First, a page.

|scientific name Laphria vultur |
Open glades within montane and Cordilleran forests of western North America; generally mixed deciduous/coniferous. Occasionally found in open grasslands (Cannings 1994, 1997).
Adults have been found from late May to late July.
Medium-large flies, 20 mm in length. Laphria vultur is robust-looking with a general gold/orange coloration, due to copious amounts of reddish-orange hair (pubescence) covering the entirety of the head, thorax, and abdomen. The pubescence of other species in the genus Laphria is generally less distinct and sparser. Pubescence is most intense on the abdomen and face, with the mystax (hairs surrounding the mouthparts) and mane (surrounding the hypopharynx) slightly lighter in color. Long raptorial legs are covered in moderately thick black and reddish-orange pubescence, with long claws at the end of the tarsi for capturing and subduing prey (McAtee 1919; Adisoemarto 1967)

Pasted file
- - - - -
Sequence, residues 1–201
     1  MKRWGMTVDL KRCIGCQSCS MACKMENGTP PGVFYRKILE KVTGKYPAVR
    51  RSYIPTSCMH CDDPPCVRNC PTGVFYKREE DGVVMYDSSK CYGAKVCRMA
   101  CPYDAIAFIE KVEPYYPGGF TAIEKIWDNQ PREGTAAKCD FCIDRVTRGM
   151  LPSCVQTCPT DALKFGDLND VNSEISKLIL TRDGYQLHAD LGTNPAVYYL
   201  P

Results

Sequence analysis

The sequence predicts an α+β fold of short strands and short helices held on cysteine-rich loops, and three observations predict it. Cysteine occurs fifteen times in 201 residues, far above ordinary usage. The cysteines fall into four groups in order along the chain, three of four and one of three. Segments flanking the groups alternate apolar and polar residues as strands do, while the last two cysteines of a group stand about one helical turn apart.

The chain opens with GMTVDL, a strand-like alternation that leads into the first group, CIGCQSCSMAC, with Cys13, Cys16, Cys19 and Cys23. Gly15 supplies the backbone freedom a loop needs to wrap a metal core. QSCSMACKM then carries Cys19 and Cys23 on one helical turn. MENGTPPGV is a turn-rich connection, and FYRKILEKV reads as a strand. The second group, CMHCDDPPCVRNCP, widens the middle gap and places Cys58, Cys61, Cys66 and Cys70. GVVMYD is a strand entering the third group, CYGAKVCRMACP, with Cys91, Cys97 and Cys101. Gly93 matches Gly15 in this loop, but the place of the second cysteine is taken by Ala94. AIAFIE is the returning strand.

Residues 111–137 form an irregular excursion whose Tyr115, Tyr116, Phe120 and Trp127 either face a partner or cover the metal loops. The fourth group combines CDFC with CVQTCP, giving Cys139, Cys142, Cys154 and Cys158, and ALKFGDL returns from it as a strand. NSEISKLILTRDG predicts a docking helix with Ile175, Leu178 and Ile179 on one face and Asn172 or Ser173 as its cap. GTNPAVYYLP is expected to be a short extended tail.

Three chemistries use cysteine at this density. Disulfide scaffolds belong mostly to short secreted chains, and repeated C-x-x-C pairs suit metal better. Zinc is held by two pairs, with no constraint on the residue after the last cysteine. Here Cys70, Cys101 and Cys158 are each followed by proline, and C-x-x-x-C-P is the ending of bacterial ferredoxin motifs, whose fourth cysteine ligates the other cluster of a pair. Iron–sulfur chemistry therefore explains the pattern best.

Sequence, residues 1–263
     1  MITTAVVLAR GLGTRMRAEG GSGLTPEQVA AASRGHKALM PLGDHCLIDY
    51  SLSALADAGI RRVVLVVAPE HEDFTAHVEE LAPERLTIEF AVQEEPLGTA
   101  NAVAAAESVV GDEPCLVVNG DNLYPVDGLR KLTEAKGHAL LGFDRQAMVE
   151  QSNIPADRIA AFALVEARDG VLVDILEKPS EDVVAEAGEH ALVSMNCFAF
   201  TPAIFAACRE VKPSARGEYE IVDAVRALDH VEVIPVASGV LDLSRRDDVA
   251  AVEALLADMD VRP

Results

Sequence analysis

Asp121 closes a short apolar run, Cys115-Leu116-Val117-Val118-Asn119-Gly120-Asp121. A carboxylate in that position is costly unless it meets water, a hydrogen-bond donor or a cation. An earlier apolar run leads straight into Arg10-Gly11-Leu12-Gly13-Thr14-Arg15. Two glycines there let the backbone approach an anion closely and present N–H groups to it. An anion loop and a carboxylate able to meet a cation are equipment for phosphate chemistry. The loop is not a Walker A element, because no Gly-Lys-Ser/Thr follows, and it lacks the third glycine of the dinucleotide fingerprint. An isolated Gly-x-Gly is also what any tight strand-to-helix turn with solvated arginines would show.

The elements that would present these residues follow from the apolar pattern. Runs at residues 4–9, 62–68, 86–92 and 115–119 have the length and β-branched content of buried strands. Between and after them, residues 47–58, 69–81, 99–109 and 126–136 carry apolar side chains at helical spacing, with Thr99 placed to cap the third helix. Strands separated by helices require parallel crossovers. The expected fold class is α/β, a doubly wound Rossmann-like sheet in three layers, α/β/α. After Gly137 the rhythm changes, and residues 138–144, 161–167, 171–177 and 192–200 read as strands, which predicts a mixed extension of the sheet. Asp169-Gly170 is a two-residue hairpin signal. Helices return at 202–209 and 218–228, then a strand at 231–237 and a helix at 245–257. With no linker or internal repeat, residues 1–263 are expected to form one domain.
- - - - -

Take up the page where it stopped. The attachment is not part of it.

The conservation of Laphria vultur is not a concern.
Laphria vultur is found from southern British Columbia to California, and east to Mississippi (McAtee 1919; Adisoemarto 1967; Cannings 1994).
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